The young gentleman, along with his wondering brother and sisters, appeared to comprehend the reason thus explained, though by no means satisfied with the disappointment of his expectations. After expressing a wish that he also had an empty bottle, in which, on trying a similar experiment, he could cork up a full measure of this wondrous fluid ; and after traversing and re-traversing the whole of this fairy ground, with undefinable thoughts and surmises, our delighted tourists finally left the island to sink again according to the laws of its destiny. They now rowed away to the mainland, distant, as before mentioned, about one hundred and fifty yards, in order to pass the remainder of the day in seeing sights on terra firma.
The first of these to which they directed their steps was “ Barrow Cascade ;" a pretty waterfall, not far distant from the place where they landed, and situated on the grounds of Mr. Pocklington, from whose delightful residence an excellent view is obtained of the lake.
The superior pretensions, however, of the waterfall of Lowdore, in the immediate vicinity of the former, attracted more particularly their regards. Secluded within a wild glen, the water rushes along, over huge fragments of stone, through a deep chasm, hemmed closely in by lofty perpendicular rocks, from the fissures of which spring up trees and shrubs of various tints and forms; till, dashing from ledge to ledge, the cascade is precipitated to a depth of nearly one hundred and fifty feet from the level whence it commenced to fall. Here the stream is lost, being swallowed up in a deep abyss, from which, through a subterraneous passage, it at length finds its way into the lake. It must be allowed that, after a copious fall of rain, this waterfall forms one of the most beautiful auxiliaries to the lake scenery.
But the sun had now, for some hours, passed the meridian; and as the juveniles were particularly anxious to include within the day's excursion the sight of the celebrated enormous rock called the “ Bowder Stone,” they descended from the elevated position within the glen, where they had beheld the mountain torrent, and proceeded along the road to the picturesque village of Grange. It is situated at the entrance of the magnificent valley of Borrowdale, on the west bank of the Derwent. The approach to this romantic vale presents, at this place, all the gigantic features of a mountain pass. Huge precipices, crags, and towering rocks, here exhibit to the admiring spectator a most extraordinary assemblage of
stupendous objects, thrown together in the wildest irregularity imaginable, and contracting the passage within so narrow a compass as to leave little more than space for the channel of the Derwent. The impressive grandeur of this wilderness of overhanging cliff and rock, disposed in a thousand fantastic shapes, and rugged pinnacles, and frowning with an almost supernatural desolation, as if from the effect of an earthquake, requires the testimony of the eye in order to realize the startling vision. Castle Crag, which lies at the entrance of this sublime valley, seems at a distance to block up all further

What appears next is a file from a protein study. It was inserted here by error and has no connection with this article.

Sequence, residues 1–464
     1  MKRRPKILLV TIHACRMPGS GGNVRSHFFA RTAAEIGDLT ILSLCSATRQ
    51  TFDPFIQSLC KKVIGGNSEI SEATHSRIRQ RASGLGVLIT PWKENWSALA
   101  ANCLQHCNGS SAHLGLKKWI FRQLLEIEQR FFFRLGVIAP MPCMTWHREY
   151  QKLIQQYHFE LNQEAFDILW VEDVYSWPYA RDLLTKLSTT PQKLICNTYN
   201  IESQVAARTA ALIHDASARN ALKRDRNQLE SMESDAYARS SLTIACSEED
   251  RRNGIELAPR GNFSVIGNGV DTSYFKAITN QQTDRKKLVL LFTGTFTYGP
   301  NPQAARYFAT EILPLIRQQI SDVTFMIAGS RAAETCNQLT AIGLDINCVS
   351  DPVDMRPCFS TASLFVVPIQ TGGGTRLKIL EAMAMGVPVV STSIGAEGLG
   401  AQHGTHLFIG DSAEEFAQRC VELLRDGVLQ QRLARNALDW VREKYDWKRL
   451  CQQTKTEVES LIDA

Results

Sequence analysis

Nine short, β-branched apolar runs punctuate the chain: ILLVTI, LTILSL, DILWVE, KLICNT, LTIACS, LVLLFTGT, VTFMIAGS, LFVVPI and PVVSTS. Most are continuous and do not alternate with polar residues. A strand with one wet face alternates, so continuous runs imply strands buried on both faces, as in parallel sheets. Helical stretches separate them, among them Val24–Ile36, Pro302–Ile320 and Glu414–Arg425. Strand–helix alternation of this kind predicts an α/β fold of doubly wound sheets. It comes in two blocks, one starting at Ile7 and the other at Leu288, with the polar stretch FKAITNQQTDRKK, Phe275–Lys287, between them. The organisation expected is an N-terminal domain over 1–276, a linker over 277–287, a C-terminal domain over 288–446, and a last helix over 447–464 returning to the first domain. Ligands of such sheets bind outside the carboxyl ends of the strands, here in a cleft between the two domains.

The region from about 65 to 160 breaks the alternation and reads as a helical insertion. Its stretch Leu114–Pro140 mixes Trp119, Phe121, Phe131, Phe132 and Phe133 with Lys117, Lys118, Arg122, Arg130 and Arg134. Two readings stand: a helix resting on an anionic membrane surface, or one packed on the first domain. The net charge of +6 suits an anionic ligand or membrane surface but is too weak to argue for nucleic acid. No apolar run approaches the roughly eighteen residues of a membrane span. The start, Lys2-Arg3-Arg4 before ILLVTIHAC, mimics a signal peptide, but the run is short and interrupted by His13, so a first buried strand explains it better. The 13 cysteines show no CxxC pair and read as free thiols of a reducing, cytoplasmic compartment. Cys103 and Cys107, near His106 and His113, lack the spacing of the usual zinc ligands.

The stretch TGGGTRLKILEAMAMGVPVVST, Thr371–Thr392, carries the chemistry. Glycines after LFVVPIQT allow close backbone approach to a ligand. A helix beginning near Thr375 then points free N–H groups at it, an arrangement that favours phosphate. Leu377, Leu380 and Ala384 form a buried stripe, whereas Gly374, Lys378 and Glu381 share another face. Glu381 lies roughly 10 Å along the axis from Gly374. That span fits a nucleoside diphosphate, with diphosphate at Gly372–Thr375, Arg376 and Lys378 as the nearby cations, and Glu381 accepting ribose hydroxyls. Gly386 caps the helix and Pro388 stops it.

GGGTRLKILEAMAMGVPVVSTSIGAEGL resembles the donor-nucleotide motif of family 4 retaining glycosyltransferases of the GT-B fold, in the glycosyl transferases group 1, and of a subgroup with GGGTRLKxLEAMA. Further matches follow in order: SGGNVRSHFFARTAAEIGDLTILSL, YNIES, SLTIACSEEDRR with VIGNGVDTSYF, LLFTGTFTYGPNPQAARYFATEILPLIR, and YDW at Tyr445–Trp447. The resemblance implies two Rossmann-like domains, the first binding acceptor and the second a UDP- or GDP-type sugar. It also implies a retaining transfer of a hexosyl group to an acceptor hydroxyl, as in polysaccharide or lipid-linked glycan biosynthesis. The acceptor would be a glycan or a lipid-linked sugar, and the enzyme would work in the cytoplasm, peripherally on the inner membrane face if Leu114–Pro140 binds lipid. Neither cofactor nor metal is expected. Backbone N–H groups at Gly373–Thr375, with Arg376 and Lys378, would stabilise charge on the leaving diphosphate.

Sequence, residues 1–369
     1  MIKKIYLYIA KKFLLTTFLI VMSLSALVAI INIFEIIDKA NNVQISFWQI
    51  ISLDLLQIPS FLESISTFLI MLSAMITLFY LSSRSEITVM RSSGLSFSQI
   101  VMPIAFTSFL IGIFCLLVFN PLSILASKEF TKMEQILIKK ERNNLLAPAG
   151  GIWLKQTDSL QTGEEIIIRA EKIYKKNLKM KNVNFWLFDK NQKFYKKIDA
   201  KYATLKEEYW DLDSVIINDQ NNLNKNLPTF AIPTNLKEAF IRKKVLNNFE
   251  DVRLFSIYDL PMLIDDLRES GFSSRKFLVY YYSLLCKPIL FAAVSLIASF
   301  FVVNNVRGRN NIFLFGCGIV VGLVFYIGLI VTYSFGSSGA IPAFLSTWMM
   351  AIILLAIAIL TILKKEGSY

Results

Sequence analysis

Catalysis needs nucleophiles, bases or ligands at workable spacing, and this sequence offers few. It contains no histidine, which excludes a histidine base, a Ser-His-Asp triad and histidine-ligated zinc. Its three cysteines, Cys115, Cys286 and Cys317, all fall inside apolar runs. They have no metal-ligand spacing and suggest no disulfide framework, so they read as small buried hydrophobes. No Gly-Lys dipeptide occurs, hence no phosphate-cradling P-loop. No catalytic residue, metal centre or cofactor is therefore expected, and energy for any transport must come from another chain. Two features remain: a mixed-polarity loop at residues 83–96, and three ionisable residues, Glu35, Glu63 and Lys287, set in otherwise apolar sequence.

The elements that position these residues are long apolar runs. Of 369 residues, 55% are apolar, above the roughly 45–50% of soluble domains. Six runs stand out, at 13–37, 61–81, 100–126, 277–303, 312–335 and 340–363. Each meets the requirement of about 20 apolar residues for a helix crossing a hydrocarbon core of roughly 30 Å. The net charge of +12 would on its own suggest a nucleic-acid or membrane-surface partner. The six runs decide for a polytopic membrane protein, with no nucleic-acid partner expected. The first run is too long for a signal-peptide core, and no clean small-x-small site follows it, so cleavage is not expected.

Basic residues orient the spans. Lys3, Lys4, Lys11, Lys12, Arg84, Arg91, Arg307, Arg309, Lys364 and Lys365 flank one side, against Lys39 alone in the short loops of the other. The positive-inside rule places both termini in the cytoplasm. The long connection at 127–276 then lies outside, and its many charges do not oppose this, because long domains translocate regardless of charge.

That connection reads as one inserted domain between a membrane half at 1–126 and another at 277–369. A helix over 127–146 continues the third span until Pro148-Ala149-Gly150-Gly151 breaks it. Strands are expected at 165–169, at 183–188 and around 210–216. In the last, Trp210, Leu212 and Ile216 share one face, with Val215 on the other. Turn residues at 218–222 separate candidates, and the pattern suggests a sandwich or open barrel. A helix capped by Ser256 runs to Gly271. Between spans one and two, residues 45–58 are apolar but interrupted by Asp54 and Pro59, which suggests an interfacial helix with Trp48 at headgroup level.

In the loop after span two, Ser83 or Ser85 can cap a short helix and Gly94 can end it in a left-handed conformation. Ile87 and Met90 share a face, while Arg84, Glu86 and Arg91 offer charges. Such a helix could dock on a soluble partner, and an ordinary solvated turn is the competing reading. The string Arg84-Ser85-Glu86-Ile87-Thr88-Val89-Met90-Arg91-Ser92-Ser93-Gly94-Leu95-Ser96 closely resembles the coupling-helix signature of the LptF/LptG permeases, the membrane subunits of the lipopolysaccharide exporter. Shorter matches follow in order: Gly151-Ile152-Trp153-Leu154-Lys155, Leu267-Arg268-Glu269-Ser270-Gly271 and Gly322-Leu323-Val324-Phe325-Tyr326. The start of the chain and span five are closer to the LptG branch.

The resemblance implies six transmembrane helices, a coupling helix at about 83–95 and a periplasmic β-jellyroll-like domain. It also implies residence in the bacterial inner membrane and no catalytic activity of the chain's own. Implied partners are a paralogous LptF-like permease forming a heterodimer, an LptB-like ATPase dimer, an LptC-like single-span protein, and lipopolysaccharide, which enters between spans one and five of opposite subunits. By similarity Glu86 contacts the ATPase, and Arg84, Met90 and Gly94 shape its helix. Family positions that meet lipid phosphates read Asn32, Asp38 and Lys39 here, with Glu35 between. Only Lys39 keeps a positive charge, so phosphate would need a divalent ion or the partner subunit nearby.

On a nearer approach, however, a passage is discovered, which, opening on the left hand, conducts to the edge of a precipice, whereon reposes the gigantic Bowder Stone, about a mile from the village of Grange. This enormous mass has been evidently hurled from the neighbouring mountains, for its immense size precludes the possibility of its having been placed there by human efforts, either as a Druidical altar, or for any other purpose.
The form of this prodigious rock is said to resemble a ship, stranded and dismasted. It presents an irregular shape, characterised by various angular points and edges, upon one of which it rests, as a vessel upon her keel. A soft carpet of heath covers its surface, from whence is beheld an extremely interesting view of Borrowdale and its mysterious forms. The position of this singular object is most remarkable in another point of view, namely, that in consequence of its being balanced on a kind of central edge, the two under sides of it are elevated considerably from the ground, so that persons from opposite quarters may creep down to the line of support, within this rather frightful cavity, and shake hands underneath it.
After the junior members of the party had surveyed the ponderous object with all the admiring wonder of youth, and